jerusalem symphony 88 29.
(photo credit: Courtesy)
Two Bachs and One Vivaldi
In the Jerusalem Baroque Orchestra’s recent concert, Shalev Ad-El’s interpretation transformed the Allegro assai (“quite fast”) and Allegretto movements of Carl Philipp Emanuel Bach’s Symphony No. 182/3 into a hasty, breathless Presto, substituting the stately elegance of the Hamburg Hanseatic grande bourgeoisie with Israeli nervosity and impatience.
In J.S. Bach’s Concerto for harpsichord BV 1055, soloist El-Ad’s playing was deplorably almost inaudible.
El-Ad, a harpsichordist who also conducts, also let himself be carried away by the orchestra instead of restraining it in Vivavldi’s “La Notte” Flute Concerto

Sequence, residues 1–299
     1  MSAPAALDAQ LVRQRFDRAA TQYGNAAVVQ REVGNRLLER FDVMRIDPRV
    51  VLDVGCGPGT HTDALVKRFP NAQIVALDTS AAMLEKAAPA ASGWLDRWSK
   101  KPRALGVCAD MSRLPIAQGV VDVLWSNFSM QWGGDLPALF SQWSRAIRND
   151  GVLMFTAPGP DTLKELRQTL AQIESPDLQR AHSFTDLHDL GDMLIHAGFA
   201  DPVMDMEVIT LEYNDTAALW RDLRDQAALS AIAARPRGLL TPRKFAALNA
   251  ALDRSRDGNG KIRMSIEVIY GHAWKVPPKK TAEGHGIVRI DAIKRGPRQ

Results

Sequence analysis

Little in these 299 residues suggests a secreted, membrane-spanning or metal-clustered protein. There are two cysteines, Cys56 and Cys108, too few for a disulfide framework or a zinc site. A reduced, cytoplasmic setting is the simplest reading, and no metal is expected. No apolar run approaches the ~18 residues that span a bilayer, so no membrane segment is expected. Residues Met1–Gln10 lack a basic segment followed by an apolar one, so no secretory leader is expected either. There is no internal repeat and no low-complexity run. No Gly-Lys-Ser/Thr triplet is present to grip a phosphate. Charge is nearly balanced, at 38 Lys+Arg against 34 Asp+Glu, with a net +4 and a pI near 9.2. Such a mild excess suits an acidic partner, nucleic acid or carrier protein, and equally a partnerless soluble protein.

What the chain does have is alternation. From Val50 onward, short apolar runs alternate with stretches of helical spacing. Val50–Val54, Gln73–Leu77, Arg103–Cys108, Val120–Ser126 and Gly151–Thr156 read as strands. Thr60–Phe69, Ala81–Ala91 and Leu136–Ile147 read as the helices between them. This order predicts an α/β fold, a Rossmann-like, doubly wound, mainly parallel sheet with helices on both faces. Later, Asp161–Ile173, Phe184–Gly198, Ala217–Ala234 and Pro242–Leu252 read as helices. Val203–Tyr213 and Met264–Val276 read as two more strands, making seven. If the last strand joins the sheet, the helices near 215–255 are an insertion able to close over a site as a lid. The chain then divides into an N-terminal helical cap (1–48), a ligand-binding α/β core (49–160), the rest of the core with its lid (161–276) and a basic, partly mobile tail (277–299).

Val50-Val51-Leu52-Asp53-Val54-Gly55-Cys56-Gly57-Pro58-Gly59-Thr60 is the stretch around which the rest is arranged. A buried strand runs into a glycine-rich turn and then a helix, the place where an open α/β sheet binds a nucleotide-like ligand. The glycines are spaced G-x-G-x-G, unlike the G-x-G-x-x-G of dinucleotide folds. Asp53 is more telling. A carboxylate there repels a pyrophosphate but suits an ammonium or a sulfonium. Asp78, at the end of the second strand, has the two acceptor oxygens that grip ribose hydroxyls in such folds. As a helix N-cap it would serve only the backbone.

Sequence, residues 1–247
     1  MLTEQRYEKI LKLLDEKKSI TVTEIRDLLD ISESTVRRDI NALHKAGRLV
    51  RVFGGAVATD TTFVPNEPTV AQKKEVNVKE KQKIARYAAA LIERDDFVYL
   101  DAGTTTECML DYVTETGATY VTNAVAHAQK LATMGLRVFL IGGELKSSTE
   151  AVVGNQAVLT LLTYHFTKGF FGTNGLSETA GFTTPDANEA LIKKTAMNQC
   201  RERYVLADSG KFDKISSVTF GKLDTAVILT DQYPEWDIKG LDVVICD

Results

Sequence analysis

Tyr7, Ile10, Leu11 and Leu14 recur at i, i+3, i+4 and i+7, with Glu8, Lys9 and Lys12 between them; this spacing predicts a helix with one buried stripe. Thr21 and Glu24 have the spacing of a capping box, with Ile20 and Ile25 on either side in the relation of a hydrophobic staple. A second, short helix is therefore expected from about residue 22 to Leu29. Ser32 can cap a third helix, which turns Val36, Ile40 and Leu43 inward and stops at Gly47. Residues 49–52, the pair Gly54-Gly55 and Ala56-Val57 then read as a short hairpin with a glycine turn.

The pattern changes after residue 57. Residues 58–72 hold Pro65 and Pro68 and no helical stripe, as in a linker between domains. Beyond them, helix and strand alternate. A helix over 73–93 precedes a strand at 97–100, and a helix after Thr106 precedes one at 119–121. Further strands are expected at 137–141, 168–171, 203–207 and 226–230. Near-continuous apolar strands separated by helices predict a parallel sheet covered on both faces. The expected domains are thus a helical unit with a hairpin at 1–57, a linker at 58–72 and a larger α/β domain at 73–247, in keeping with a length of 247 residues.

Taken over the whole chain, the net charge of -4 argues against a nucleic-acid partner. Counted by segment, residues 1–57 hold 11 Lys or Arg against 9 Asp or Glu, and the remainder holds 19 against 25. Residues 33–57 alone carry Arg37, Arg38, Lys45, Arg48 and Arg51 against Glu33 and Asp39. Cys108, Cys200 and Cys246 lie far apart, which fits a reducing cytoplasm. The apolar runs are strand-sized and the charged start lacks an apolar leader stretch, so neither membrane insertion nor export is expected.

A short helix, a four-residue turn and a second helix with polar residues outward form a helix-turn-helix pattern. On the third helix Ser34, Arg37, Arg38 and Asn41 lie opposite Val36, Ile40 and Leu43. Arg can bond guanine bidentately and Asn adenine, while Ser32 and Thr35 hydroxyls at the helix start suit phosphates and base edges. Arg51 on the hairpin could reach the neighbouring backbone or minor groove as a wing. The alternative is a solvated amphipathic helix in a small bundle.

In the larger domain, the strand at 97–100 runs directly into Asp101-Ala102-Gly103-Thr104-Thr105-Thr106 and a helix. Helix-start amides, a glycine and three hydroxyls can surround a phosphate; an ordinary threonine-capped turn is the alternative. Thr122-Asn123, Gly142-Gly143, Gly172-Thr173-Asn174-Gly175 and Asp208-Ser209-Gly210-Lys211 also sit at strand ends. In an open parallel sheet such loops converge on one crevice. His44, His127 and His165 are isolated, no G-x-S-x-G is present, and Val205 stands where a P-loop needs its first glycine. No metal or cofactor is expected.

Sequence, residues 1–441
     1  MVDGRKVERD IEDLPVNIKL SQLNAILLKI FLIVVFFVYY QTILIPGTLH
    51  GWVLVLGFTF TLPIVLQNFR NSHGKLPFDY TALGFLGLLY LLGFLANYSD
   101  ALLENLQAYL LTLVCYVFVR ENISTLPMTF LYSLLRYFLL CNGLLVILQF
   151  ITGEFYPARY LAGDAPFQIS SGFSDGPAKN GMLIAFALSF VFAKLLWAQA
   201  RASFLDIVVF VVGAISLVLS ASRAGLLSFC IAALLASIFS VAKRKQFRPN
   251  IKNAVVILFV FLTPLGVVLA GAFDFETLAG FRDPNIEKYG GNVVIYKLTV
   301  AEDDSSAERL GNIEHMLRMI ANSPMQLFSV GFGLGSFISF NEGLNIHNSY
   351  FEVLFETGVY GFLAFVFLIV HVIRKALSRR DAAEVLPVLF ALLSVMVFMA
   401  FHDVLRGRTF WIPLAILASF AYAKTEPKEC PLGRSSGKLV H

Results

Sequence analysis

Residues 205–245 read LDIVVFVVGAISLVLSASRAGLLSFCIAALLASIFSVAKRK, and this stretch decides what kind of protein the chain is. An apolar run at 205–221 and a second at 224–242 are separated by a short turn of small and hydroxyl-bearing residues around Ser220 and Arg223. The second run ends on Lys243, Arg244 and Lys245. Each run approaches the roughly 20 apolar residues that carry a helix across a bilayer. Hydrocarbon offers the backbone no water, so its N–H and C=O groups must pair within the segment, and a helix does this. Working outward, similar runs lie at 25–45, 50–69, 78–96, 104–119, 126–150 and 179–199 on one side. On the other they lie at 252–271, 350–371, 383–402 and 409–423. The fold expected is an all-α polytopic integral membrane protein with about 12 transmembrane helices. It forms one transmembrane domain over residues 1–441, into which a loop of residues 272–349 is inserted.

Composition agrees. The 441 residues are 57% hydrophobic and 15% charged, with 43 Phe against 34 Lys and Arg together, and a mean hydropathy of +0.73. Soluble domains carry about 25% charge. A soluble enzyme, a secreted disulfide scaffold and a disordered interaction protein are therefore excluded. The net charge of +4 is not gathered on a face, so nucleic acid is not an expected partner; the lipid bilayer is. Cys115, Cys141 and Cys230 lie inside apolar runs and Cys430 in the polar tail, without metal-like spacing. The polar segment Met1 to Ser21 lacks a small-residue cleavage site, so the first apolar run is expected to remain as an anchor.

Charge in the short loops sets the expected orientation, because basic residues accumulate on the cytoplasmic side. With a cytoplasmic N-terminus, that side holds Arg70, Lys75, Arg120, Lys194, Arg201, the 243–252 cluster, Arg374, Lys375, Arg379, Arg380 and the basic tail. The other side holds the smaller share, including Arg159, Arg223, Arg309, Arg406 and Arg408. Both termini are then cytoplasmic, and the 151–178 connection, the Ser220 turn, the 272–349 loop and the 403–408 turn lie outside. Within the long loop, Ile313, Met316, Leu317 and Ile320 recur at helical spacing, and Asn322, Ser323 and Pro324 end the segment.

, and Jan de Winne’s solo was overshadowed as a result.
Only in the orchestra’s rare calm moments was it possible to enjoy the
flute’s lyrical, lovingly shaped melodic passages and the threatening,
dramatic ones of the imaginary night phantoms.
In J.S. Bach’s concluding Concerto for Flute, Violin and Harpsichord
instrumental balance was finally achieved. This allowed one to be duly
impressed by the brilliant virtuosity of El-Ad’s harpsichord, the
singing sound of de Winne’s flute, and Dafna Ravid’s baroque violin
blending in harmoniously with her partners.